In the age of social media, one small occurrence can turn into a viral problem for an organization. A single customer has the power to ruin a hard-earned reputation. In light of this, organizations must have extensive social media response plans, both for dealing with complaints and to address actual crisis.

Sexual harassment is another issue that is increasingly coming to light. Organizations should educate and train all employees thoroughly to reduce any risk of such incidents. Any risk manager concerned with this area of risk should consider the following mitigation strategies: 6 Ways to Manage Reputational Risk.

6. Severe Weather and Natural Disasters

Climate change is a reality we are now facing. The environment has grown increasingly unpredictable, leaving risk managers to handle an increased number of storms, earthquakes, and similar phenomena.

Depending on an organization's location, risk managers should create emergency preparedness plans for all likely events. This includes monitoring the weather ahead of time, taking necessary precautions, and putting the safety of employees first in dangerous situations. For more on preparing an organization for emergencies, read our blogs on hurricane preparedness and tsunami preparedness.

7. Economic and Financial Risk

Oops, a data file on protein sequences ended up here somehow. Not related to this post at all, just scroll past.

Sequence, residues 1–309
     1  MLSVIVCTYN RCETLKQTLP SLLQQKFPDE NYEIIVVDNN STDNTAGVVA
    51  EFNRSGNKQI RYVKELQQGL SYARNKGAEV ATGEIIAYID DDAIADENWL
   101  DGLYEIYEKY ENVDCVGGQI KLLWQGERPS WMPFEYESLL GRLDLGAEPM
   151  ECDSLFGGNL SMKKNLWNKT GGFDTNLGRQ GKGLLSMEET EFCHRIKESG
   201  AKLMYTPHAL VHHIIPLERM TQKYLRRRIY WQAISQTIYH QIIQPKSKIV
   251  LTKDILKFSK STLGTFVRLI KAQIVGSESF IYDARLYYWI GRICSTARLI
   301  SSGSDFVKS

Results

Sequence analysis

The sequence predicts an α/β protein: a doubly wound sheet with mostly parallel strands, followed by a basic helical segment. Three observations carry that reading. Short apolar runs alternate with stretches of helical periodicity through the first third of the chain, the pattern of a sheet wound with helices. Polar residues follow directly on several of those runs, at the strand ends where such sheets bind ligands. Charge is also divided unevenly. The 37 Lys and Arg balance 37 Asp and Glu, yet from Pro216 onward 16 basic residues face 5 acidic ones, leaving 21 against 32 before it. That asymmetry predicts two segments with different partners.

No matter what is occurring at a given moment, organizations always face the potential of financial risk. A product may not sell as expected, a change in material inputs may increase the cost of goods, or a customer may refuse to pay off their credit. Either of these scenarios can set back an organization, and often have a domino effect: the loss of cash in one area results in negative consequences in another.

For this reason, it is important for risk managers to ensure there is sufficient cash on hand to handle these types of situations. The organization can also prepare by having mitigation strategies in place that reduce the likelihood of these incidents.

8. Employee Risk

Employees often present the greatest risk to an organization, but risk managers can combat these with the right procedures and training, as detailed in 5 Tips to Manage Employee Risk.

The first factor associated with employee risk is retaining and motivating staff. Over their time at an organization, employees gain extensive knowledge and insight into the inner workings of the company and the work they do. Without effective knowledge capture strategies, this can be lost with the employee, creating a larger risk for new employees. Risk managers must find a way to keep their best staff and motivate them to do the best work possible, and minimize the risk created by those who leave.

Another employee risk involves the mistakes they can make, ranging from physical accidents to data breaches. Without effective training, employees may not know the right actions to take in any given situation, greatly increasing the risk to themselves, their coworkers, and the organization as a whole.

Risk management begins with an awareness and understanding of the risks an organization faces. Only then can its employees begin work to prevent them. By carefully monitoring and protecting against these risks, risk managers have the opportunity to enhance the level of success their organization experiences in 2019.

What are your thoughts? What are the risks you’re most aware of for the upcoming year? Let us know in the comments below or contact us to discuss the mitigation strategies that will work best for you.